Many schools are failing to provide teaching assistants and other non-teaching staff with sufficient support to enable them to help to raise standards in the classroom, a report by Ofsted has said.
Only six of 30 secondaries, primaries and nurseries studied were found to be using the roles effectively or providing adequate training and professional support.
In the worst six schools, the report said support staff "did not always understand how their work related to that of other staff across the school and how they could make a difference to pupils' learning".
It also claimed there was "huge variation" in the levels of knowledge, expertise and ability of support staff and "the capacity of leaders and teachers to provide meaningful direction for their work".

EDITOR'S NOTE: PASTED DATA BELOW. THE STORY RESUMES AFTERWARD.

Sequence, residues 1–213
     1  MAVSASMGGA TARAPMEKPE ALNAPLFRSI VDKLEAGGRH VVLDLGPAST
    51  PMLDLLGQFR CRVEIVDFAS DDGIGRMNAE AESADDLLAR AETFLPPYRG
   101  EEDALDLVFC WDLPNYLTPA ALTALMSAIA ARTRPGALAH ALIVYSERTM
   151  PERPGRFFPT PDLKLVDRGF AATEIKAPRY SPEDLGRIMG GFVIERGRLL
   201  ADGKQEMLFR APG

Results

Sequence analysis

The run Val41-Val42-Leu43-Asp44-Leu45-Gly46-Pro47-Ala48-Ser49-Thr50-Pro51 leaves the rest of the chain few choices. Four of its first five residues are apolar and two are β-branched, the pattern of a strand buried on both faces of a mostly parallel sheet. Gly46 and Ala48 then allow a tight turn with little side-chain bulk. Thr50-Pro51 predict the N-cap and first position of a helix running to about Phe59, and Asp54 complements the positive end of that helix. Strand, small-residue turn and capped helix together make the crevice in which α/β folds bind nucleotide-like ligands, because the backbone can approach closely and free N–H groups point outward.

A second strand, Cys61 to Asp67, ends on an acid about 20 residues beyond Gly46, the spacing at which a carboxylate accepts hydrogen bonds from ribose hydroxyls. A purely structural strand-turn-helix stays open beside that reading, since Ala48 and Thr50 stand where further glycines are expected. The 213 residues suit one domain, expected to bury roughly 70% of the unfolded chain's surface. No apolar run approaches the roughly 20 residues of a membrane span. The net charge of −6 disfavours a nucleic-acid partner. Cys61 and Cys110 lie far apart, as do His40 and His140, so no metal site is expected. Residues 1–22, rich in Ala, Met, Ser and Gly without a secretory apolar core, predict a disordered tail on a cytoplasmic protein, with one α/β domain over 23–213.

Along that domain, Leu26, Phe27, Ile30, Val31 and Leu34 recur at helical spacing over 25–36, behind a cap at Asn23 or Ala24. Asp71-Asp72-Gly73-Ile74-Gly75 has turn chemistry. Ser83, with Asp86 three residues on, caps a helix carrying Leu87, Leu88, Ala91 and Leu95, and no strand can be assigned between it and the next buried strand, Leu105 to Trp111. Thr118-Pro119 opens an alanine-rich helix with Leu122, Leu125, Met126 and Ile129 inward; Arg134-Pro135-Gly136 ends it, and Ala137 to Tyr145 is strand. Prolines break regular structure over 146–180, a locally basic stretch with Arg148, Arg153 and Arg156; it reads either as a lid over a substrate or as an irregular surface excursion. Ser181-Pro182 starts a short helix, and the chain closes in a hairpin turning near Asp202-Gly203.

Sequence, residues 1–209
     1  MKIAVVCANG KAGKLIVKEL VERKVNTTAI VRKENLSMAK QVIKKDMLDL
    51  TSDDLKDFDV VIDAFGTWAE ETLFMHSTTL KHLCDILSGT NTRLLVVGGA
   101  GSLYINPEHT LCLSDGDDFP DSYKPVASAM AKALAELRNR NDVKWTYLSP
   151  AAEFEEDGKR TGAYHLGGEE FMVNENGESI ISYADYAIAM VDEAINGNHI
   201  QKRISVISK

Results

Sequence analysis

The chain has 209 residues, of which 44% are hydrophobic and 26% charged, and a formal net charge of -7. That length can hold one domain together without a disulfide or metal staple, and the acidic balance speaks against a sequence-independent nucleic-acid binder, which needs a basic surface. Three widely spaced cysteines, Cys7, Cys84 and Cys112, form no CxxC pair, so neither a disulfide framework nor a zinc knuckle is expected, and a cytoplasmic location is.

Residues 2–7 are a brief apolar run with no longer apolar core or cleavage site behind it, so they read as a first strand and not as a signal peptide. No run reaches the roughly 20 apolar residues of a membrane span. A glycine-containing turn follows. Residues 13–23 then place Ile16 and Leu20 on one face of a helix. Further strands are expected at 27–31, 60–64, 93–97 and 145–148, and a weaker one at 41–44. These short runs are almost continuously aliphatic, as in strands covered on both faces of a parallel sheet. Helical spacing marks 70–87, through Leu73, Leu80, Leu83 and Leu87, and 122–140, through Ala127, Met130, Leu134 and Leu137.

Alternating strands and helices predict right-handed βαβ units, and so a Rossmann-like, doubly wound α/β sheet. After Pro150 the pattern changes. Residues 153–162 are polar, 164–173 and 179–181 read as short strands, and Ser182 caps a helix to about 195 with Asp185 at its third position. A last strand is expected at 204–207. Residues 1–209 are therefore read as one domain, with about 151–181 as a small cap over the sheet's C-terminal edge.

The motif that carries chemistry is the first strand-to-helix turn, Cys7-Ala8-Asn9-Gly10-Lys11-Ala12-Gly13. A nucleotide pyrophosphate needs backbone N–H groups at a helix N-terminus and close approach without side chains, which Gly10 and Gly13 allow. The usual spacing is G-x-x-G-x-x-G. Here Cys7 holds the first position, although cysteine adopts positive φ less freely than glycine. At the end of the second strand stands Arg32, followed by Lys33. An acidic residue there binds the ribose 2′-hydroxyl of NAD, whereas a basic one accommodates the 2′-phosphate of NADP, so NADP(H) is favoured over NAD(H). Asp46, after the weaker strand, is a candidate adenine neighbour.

It said this situation led to support staff being either overstretched or having their skills underused.
The report said that schools needed to be clear about each member of staff's responsibilities for improving teaching and learning.
It also advocated more monitoring of the specific contributions made by members of non-teaching staff.
The Training and Development Agency for Schools, the report said, should help to provide better information and guidance on the national occupational standards for support staff and the career development framework.
The report called for the Department for Children, Schools and Families to provide more guidance on appropriate levels of pay for the "increasingly diverse roles" that had been introduced.
Ofsted chief inspector Christine Gilbert said: "The effectiveness of the workforce reforms put in place in 2003 depends on all school staff being valued and treated as professionals.